I suppose I could say that I used to 'hang out' with Elton back in the early 70s, that year 1972 when I moved to Chelsea and shared an apartment just off Kings Road, where we could congregate on Saturday afternoons, when Elton would drop in to D J Noel Edmunds' record shop where he would chat and sign albums - he signed my DON'T SHOOT ME I'M ONLY THE PIANO PLAYER gatefold -
and I also remember chatting to him at Harrods, where he was sporting a pink suit, and with manager John Reid (and we saw 2 early concerts of his, one with Marc Bolan - at one of these I had a spare ticket which I sold to a visiting American or Canadian, who pulled out a large joint during the concert, which we smoked, to my initial "you can't do that here" - how very rock'n'roll!). This was also the year I met Joni Mitchell, also in Kings Road - people must just have been more approachable back then, they didn't have entourages and were friendly, as both Joni and Elton were. I liked those first 3 albums of his - the ELTON JOHN album, TUMBLEWEED CONNECTION (you can hear Dusty on background vocals) and MADMAN ACROSS THE WATER - even now the opening chords of "Your Song" or "Tiny Dancer" bring it all back - like Rod's "Every Picture Tells A Story". By the time Elton has succumbed to showbiz glitz we had moved on, and also moved from Chelsea, down to South London .... good though to have Elton back, in good health again, and with a successful album, now lets hope its a popular success as well.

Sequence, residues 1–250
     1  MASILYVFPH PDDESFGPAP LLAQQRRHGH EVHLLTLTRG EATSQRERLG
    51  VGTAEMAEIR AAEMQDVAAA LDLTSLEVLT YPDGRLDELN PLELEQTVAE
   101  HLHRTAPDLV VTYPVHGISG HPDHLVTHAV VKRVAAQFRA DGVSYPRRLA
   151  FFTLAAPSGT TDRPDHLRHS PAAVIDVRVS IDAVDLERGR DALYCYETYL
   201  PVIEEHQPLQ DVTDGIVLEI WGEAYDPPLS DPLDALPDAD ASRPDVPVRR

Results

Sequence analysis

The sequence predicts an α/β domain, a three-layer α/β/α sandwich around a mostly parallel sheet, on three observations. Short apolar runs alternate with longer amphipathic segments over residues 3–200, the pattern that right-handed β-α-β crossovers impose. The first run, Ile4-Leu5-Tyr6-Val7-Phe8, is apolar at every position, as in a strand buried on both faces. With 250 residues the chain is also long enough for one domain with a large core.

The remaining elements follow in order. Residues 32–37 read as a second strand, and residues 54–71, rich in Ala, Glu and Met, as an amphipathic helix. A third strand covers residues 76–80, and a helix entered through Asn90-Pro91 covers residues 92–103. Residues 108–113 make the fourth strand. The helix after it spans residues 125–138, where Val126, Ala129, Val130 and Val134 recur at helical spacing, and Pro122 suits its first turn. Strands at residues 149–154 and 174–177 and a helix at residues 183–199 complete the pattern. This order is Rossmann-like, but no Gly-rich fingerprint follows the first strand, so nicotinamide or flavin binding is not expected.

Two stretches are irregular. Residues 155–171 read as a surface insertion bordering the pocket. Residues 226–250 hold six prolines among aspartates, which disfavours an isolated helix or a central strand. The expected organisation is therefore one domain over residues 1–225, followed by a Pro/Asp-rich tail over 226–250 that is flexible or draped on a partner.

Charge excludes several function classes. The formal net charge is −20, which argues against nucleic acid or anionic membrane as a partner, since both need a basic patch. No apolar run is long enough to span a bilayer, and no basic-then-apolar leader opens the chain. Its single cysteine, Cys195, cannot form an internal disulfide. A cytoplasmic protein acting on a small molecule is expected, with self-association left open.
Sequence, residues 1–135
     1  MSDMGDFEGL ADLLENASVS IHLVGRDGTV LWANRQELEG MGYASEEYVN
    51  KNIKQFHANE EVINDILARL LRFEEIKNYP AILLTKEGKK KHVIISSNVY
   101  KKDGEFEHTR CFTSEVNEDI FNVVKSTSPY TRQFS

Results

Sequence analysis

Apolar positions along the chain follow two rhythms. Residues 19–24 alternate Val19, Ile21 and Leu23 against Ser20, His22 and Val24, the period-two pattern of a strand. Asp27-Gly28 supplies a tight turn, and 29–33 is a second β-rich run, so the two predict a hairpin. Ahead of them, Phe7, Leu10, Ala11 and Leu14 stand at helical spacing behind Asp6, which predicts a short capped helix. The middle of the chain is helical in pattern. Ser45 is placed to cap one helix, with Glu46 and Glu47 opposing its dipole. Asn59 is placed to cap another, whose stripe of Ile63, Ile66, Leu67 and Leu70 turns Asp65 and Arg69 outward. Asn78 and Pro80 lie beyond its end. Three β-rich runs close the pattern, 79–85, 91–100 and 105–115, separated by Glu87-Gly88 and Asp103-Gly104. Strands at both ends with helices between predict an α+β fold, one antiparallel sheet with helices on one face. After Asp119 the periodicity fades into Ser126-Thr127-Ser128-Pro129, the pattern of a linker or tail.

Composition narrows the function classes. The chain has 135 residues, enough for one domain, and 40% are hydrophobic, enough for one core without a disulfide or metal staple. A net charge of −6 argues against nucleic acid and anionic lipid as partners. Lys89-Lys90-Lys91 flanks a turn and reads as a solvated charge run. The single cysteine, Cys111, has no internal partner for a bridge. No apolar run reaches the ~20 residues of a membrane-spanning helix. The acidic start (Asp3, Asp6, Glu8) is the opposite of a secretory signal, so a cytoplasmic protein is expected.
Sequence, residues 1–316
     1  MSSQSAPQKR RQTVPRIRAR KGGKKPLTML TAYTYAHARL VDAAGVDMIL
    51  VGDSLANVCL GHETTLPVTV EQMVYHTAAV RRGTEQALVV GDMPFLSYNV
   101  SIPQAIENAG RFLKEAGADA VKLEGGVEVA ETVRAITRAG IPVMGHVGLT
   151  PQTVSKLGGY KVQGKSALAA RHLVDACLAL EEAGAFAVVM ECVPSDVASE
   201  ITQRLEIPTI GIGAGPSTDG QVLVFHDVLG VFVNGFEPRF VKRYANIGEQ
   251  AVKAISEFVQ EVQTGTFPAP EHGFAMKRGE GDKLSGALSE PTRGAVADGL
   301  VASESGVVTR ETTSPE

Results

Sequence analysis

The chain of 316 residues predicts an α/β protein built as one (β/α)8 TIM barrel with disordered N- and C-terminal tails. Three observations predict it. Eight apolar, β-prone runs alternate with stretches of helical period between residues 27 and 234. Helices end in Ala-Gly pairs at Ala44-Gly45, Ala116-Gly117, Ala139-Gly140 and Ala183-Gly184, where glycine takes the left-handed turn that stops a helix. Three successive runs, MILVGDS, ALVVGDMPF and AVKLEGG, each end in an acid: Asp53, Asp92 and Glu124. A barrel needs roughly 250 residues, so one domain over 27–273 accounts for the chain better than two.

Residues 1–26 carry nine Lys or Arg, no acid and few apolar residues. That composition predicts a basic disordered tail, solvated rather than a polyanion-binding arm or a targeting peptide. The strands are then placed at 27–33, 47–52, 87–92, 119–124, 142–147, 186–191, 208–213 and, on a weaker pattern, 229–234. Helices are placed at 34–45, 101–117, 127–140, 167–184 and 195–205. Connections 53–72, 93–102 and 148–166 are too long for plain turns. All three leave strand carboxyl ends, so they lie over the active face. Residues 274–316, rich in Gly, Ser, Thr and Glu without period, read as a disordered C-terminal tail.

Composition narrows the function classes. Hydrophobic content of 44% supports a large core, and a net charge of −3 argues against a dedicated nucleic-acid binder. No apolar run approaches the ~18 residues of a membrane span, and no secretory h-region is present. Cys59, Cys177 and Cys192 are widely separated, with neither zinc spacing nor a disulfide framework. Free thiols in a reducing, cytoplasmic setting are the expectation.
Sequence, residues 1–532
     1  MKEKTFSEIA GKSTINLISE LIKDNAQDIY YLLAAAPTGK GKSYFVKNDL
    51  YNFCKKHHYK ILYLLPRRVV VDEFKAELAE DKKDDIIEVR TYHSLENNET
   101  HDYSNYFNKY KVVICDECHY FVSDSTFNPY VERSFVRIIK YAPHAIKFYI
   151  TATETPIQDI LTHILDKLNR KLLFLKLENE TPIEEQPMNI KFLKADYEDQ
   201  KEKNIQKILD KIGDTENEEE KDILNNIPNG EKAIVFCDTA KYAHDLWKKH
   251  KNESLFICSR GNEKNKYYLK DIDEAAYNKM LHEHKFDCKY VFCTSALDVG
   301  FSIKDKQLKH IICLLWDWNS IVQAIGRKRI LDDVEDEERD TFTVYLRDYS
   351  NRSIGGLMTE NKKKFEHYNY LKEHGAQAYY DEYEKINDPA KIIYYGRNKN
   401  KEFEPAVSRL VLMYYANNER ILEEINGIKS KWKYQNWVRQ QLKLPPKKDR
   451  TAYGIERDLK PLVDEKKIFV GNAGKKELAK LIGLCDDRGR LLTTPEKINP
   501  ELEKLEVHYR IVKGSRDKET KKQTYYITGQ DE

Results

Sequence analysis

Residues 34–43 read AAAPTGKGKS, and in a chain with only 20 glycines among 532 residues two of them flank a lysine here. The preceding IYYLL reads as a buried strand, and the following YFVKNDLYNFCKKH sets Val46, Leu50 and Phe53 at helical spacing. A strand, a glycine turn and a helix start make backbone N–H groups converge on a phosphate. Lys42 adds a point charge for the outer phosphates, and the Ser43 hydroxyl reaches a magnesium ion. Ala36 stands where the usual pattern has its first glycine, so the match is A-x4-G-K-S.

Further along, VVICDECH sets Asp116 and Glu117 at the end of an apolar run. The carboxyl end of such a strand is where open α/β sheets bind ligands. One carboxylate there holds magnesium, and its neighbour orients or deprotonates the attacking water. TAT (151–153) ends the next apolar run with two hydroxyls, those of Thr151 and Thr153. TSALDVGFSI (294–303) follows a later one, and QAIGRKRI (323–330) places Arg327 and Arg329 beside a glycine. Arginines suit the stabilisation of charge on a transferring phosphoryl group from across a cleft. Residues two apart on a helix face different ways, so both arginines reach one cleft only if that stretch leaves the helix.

Writer David Plante's book BECOMING A LONDONER will also be an engrossing read, covering as it does his arrival here in the '60s and being part of the Hockney/London literati set, due to his relationship with Nikos Stangos ... another fascinating '60s memoir then; also like Victor Spinetti in his delicious memoirs, Sir Derek has only good to say about Richard Burton with some nice tales of Burton's generosity, including to other actors.
Another look too at Tom Ford's A SINGLE MAN, on tv: I covered this in full in my review (A SINGLE MAN label) - it seems more annoying now: a classic novel turned into a high fashion shoot, with a house and clothes totally not right for 1962 when the story is set, there is no gun or suicide intent in the book where George and Charley (Julianne Moore) are ageing in their late fifties, in rundown homes - not the glamour here in the movie, making it more unlikely that the fit 40s George would suddenly keel over - Isherwood in the novel imagines the time when George's body would give out - not it literally happening there and then when the young student (who is soon got out of his white underwear) is still in the house ....